An annual inspection for a life raft on a long range cruising boat is simply not physically or economically practical. It makes sense, for marine use, a life raft should to be exceedingly reliable even if specified and used for near shore use.
No tests were done to determine exactly why the raft so thoroughly failed. However, it was the inspector’s opinion that the best material for life raft construction is neoprene, coated on both sides with urethane. The Avon’s literature says their rafts are constructed with “the unique Avon butyl fabric”. This material, Avon likes to link to the aviation industry. Even if aviation life rafts use this material for construction, aviation standards do not require the ruggedness and durability that is set for the marine industry.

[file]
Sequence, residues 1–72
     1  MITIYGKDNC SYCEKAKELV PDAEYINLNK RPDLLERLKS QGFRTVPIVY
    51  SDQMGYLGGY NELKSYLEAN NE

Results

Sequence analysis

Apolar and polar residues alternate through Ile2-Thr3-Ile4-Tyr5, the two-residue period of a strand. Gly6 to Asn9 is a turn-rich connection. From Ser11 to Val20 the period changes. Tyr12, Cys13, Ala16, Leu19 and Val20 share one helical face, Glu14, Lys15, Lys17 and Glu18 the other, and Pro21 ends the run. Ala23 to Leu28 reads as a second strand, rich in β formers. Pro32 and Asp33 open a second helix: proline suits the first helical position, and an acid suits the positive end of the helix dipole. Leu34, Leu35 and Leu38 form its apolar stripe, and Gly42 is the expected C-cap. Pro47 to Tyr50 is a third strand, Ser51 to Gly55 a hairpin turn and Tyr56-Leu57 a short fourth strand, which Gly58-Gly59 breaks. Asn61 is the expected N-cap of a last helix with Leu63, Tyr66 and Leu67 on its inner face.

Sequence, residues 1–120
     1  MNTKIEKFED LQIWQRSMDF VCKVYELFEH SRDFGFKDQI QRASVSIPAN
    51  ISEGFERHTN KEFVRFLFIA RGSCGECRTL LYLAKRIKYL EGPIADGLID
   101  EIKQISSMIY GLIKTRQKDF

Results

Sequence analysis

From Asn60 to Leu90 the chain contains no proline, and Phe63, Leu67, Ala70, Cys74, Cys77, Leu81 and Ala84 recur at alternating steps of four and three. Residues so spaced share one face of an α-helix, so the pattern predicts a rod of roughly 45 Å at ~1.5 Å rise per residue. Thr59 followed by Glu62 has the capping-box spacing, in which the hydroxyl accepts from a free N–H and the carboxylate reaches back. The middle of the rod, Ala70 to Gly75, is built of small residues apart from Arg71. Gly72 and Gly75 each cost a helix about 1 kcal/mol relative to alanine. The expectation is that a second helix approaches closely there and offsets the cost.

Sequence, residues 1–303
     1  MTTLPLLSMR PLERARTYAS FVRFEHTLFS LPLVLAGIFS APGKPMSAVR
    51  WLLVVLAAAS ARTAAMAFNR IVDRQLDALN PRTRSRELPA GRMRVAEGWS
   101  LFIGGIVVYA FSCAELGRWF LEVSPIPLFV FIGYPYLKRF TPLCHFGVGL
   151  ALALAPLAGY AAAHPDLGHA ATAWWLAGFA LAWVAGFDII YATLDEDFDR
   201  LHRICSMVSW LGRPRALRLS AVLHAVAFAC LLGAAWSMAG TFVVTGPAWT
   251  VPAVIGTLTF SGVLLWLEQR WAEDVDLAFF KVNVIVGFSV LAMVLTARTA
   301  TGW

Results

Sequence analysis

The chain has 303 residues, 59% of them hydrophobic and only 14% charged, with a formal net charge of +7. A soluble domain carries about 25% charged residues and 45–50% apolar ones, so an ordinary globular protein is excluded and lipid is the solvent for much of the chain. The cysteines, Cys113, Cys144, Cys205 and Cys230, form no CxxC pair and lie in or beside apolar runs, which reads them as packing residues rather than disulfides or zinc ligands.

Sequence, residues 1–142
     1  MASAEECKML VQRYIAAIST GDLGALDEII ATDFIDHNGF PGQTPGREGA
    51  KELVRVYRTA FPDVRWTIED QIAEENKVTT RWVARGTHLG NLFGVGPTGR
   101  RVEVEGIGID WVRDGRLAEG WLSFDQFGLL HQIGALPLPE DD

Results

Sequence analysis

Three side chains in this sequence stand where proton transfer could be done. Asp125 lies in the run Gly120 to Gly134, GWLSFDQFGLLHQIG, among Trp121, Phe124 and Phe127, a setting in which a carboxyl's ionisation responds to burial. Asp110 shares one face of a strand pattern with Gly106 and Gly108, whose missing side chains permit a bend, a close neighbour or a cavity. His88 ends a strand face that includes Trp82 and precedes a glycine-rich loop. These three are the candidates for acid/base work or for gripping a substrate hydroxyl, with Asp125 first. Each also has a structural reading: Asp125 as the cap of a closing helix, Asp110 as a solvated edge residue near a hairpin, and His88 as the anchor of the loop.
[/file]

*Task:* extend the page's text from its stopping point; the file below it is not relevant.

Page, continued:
Avon used several manufacturers around the world and it was not determined from which plant this raft came from. During the failed servicing, the inspector pointed to the terrible looking glued joins and said heat sealing is far superior.